Sunday, August 10, 2008


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Back when I lived in Brooklyn there was a restaurant we would frequently go to called Joe's of Avenue U. It's very casual Sicilian fare that was inexpensive and delicious. This is where I tried Caponata (sometimes called Caponatina) for the first time and fell in love with it. The best way for me to explain what Caponata is, is by calling it an eggplant stew. It is prepared in the same manner that one would use to make beef stew. The veggies are sauteed in oil and liquid is added to simmer them in. However, this does not take hours to make like a meat stew would, so that makes it even better for me.

The recipe I used belongs to Steve's grandmother Rose. I have never met her but I'm sure she would be happy to know that someone is making her caponata. There are many variations of this dish, some include zucchini or peppers but this one is very simple. I think the next time I make it I will add pine nuts (pignoli) and raisins. I am almost positive that those two ingredients were in the first caponata I have ever had at Joe's. Since then there have been new owners and they do not use the nuts or raisins and it's still good but I love the sweetness that the raisins give the dish. A lot of Sicilian recipes use sweet and sour ingredients together.

Grandma Rose's Caponata

2 lb unpeeled eggplant, cut into 1” cubes
½ cup olive oil
1 large onion, chopped
1 cup chopped celery
3 ½ oz. tomato paste
1 cup water
1 lb green olives, salted and pitted
2 oz jar of capers, unsalted and drained
salt and pepper to taste
1 heaping tsp. sugar
¼ cup wine vinegar

Heat olive oil in a large skillet. Add onion and celery, cook until almost tender. Remove ions and celery and place in a bowl. In same skillet, sauté eggplant until light brown. Remove. In same pan, over med flame, cook tomato paste and water, stir until dissolved. Add olives, eggplant, capers, onion, celery, salt and pepper. Mix well. Bring to a boil over high flame. Lower flame and simmer for 5 minutes. Add sugar and vinegar. Stir and cook for ½ minute. Remove from heat and allow to cool.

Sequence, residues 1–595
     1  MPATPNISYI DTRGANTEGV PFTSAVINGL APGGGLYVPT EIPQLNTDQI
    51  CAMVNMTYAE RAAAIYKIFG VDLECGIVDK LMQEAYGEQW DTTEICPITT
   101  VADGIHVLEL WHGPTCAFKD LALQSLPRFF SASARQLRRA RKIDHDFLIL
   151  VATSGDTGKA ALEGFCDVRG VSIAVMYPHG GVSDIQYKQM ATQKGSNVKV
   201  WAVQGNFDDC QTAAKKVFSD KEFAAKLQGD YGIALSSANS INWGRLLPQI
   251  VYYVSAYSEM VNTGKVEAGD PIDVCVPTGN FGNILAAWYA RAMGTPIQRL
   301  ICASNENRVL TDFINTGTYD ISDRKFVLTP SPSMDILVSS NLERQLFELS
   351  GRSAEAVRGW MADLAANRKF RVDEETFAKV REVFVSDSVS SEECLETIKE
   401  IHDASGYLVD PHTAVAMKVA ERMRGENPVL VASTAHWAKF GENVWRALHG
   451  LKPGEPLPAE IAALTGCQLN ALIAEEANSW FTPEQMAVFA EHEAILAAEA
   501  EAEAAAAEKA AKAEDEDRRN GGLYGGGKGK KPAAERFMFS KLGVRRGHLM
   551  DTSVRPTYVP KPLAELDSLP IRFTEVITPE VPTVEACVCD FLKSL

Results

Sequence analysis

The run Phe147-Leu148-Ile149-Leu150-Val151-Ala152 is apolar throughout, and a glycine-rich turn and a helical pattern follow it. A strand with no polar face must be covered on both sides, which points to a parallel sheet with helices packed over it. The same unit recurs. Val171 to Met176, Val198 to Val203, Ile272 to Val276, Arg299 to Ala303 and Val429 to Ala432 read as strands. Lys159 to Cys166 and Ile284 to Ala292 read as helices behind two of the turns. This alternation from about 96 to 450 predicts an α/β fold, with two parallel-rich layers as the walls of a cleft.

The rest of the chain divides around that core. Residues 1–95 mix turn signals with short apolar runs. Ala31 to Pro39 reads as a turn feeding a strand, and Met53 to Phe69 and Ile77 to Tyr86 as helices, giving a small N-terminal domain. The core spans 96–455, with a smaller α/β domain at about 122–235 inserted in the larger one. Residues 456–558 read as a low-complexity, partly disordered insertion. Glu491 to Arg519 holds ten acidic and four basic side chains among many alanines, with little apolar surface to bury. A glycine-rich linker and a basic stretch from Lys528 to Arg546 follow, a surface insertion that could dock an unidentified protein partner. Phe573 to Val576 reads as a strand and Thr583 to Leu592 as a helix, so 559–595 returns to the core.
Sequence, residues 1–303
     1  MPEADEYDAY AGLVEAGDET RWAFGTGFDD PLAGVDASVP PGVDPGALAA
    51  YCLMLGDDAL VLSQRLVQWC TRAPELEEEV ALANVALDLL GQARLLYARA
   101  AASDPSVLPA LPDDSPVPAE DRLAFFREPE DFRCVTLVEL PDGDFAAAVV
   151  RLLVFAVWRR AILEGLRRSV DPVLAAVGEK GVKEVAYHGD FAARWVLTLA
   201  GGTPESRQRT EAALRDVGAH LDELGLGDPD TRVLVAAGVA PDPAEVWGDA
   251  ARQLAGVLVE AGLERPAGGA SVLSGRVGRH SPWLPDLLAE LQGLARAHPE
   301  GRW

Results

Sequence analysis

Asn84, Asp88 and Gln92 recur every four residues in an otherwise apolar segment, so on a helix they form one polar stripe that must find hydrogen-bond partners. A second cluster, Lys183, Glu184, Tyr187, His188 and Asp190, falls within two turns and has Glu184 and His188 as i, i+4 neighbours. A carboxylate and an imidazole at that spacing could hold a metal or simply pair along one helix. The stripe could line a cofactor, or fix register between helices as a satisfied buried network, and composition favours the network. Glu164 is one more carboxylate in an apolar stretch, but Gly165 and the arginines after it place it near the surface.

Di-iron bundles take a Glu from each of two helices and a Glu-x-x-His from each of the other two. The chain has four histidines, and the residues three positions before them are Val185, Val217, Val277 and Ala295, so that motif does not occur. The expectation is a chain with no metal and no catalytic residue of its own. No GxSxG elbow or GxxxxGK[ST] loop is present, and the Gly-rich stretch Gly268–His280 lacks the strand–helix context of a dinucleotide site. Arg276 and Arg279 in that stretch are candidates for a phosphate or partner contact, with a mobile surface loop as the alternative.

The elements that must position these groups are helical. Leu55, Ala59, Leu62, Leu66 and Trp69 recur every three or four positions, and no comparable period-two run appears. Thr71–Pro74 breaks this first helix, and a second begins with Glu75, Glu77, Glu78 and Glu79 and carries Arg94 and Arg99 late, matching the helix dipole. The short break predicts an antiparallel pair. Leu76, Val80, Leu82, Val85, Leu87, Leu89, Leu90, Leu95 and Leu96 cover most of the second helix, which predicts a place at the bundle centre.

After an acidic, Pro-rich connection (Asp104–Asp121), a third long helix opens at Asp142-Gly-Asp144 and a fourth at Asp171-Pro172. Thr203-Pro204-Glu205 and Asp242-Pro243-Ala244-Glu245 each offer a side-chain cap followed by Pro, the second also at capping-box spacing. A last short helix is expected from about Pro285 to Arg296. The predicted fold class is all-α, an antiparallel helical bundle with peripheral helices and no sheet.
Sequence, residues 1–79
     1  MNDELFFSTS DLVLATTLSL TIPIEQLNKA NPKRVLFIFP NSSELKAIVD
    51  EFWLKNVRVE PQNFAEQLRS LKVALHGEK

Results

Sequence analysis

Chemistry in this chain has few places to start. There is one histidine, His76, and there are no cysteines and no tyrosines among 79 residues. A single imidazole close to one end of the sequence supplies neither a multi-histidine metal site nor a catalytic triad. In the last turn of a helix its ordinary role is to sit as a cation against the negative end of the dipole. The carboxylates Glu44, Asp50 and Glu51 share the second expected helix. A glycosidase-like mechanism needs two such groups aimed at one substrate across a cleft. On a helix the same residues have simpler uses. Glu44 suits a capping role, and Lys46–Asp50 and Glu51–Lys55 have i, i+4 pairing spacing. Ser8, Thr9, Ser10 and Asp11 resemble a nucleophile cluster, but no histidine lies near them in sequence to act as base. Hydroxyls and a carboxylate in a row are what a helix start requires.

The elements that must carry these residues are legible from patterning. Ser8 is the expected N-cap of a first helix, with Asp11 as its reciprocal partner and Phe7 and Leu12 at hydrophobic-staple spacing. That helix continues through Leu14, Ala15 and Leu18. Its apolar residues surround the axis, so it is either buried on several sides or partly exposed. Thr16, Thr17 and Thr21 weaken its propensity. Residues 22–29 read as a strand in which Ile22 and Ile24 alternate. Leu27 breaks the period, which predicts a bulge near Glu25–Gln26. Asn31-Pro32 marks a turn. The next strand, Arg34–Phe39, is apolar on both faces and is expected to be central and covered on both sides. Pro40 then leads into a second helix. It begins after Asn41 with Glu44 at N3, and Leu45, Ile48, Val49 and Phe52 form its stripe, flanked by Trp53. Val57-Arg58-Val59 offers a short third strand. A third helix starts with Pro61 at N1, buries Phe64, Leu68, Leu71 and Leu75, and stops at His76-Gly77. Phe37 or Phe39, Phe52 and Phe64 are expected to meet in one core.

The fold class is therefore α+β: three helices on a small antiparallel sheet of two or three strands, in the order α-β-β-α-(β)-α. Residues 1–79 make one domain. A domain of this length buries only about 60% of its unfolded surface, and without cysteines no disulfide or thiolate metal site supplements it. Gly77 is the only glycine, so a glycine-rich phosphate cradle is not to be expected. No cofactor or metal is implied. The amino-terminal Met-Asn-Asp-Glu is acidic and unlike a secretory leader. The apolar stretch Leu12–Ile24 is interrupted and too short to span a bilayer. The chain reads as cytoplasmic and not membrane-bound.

Makes 2 quarts. Sterilize jars before using. Cover tightly.
Keeps in refrigerator for 6 weeks.

There are only a few very minor changes that I made to this recipe.

~ I used canola oil instead of olive oil because the eggplant absorbs the olive oil too quickly. Then have to keep adding oil and you end up with oily eggplant. Just use whatever oil you would normally use for frying.

~ I added a little more sugar and vinegar than the recipe called for. I'm sure Steve's grandmother, like Nanny, didn't use standard measuring cups so the measurements that we have are just a guess. Nanny's measuring cup was a mug. So it's very difficult to get exact measurements but all you need to do is taste and adjust. Not a problem.

~ I also cooked the eggplant at the end for a little longer because either I cut the eggplant too big or the time given was just an estimation. Again, just taste it and you can tell if the eggplant is cooked all the way through.

This dish is best served cold or room temperature with a couple of pieces of good Italian bread for dipping.



Lucy..♥ said...

Your caponata looks so good, I could just take my fork & dive into it.... yummy!

Sophie said...

oooh...yum! This looks familiar ;). Thanks for lending me the recipe that one time! :D

A.C. said...

Mmm, I've never been fond of eggplant, but it's growing on me... this looks try-able :)
I just posted about those croquetts of yours that I tried... Mouth is watering just thinkin' about them again!

Jersey Girl Cooks said...

Yum...I love caponata! Just found your blog...very nice! I am a fellow NJ food blogger also :)

Daziano said...

I love caponata and yours looks perfect!!!

Stacey Snacks said...

I love eggplant, especially fried and am planning on making a caponata next week w/ all the farmers' market eggplants!
I love this relish just the way you make it, it is almost like a chutney, my recipe is almost the same!
Mario Batali uses cocoa in his caponata, I am not ready to try that one!